It’s easy to add an extra layer of security to your accounts and devices by turning on two-step verification — also known as multi-factor, two-factor or two-step authentication. It takes just a few minutes to set up.
Passwords can be guessed or stolen. With two-factor authentication, even if an attacker gets your password, it won’t be enough to sign into your account.
Paul Macpherson, Xero’s head of security, says he can’t recommend it highly enough. “Even if they compromise your password, if you have two-step authentication enabled, it’s a really good roadblock to the bad guy getting into your account.”
You can use two-factor authentication to add security to most online accounts. Many providers offer it as an option within your settings. You can also set up two-step verification to access your devices — laptops, tablets, smartphones, and even some game consoles.
Two-factor authentication adds a second layer of identity verification to strengthen your login protection.
Your password is step or factor one. Step two locks in extra security. Common examples include:
Two-factor authentication(external link) — CERT NZ
Different sites do two-factor authentication in different ways, but it usually only takes a minute or so to set up. You’ll often find it in your account or security settings.
Once two-factor authentication is set up, you usually only have to authenticate yourself if you log into your account on a new device.
Check to see how you can enable 2FA(external link) — BrainStation
“If your email provider doesn’t offer two-step authentication, personally I’d be looking for another mail provider.”
People often share documents for work, so when Rupert received an email saying "click on the link to approve my document", he didn't think twice. Even though Rupert’s pretty tech savvy, he couldn’t see anything out of the ordinary – the link looked legitimate.
But his antivirus and firewall had other ideas. They were set off immediately, telling him someone was accessing his email from halfway around the world. Thankfully a quick round of changing passwords and a virus scan mean Rupert’s data was okay.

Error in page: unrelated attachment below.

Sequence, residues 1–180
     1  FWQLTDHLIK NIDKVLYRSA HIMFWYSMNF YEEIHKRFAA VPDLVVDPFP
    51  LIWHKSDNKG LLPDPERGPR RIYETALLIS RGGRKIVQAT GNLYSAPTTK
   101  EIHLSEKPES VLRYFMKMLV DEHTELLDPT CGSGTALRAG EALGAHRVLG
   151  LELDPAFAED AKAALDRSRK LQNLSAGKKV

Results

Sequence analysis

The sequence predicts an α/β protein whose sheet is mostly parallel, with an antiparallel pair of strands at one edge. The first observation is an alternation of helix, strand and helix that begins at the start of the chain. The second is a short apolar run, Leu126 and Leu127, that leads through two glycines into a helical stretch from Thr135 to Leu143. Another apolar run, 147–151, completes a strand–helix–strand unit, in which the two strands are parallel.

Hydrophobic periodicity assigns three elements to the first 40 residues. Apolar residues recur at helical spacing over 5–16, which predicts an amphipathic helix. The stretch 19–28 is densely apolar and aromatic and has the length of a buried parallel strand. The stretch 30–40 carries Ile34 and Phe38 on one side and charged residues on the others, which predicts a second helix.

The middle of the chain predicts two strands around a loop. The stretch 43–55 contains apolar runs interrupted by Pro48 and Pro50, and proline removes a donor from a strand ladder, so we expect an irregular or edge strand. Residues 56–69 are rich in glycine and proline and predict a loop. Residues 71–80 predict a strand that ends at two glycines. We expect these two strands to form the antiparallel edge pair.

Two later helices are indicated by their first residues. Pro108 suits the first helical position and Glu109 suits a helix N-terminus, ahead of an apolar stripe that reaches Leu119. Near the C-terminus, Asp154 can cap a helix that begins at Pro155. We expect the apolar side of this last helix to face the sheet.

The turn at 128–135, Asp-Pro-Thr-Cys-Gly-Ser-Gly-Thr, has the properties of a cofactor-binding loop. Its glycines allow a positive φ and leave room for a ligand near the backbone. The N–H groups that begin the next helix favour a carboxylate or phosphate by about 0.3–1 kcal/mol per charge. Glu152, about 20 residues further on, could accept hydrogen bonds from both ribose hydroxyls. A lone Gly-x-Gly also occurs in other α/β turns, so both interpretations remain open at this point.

He reported the incident to CERT NZ who followed up and gave him some advice about turning on Two-Factor Authentication (2FA) on his email. 2FA is now helping to keep Rupert’s account safe; when he logs in he needs something he knows (a unique password) as well as something he has (his phone).
Report an incident(external link) – CERT NZ
CERT NZ and Connect Smart have teamed up for Cyber Smart Week, happening around New Zealand from 27 November to 1 December.
It’s all about doing one thing that can make a big difference to your cyber security.
Here are some other easy things you can do:
Change your passwords. If you haven’t changed your passwords in a while, or someone who knows them has left your business, now’s the time to update them. Make sure your new passwords are long and strong, and unique to each online account.
Check your privacy settings. Adjust your privacy settings so you know exactly who can see what you post on social media.
Update your operating system. Keeping your operating system (OS) up to date is a really good way to defend against bugs and viruses.
IT and social media policy(external link) — Workplace Policy Builder
This self-assessment takes about 5 minutes to complete. At the end you get an action plan based on your answers.
How cyber secure is your business(external link) – Connect Smart